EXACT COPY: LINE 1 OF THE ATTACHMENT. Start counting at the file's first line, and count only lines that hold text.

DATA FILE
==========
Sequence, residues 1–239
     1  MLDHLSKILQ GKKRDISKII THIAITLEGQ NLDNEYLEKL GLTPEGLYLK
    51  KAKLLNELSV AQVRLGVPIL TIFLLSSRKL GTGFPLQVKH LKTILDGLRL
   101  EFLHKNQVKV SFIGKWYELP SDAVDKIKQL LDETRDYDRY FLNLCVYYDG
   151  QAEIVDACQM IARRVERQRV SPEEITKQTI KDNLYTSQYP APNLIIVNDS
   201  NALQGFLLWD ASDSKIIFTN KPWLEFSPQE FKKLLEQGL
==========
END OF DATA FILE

Sequence, residues 1–239